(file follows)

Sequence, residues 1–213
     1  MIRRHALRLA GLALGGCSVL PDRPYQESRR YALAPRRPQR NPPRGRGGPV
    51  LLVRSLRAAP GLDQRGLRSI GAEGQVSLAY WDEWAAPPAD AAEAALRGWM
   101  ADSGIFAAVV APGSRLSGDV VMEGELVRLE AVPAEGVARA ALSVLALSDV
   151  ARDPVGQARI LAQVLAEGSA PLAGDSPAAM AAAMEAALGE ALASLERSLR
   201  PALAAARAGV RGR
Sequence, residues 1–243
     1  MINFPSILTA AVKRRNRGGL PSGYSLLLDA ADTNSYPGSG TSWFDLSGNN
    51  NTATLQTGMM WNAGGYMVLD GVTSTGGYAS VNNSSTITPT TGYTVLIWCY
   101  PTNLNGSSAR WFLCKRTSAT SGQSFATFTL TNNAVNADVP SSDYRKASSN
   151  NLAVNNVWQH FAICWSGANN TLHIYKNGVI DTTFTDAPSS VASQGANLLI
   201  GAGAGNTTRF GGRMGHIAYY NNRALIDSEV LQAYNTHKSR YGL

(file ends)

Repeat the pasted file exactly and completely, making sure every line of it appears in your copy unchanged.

Sequence, residues 1–213
     1  MIRRHALRLA GLALGGCSVL PDRPYQESRR YALAPRRPQR NPPRGRGGPV
    51  LLVRSLRAAP GLDQRGLRSI GAEGQVSLAY WDEWAAPPAD AAEAALRGWM
   101  ADSGIFAAVV APGSRLSGDV VMEGELVRLE AVPAEGVARA ALSVLALSDV
   151  ARDPVGQARI LAQVLAEGSA PLAGDSPAAM AAAMEAALGE ALASLERSLR
   201  PALAAARAGV RGR
Sequence, residues 1–243
     1  MINFPSILTA AVKRRNRGGL PSGYSLLLDA ADTNSYPGSG TSWFDLSGNN
    51  NTATLQTGMM WNAGGYMVLD GVTSTGGYAS VNNSSTITPT TGYTVLIWCY
   101  PTNLNGSSAR WFLCKRTSAT SGQSFATFTL TNNAVNADVP SSDYRKASSN
   151  NLAVNNVWQH FAICWSGANN TLHIYKNGVI DTTFTDAPSS VASQGANLLI
   201  GAGAGNTTRF GGRMGHIAYY NNRALIDSEV LQAYNTHKSR YGL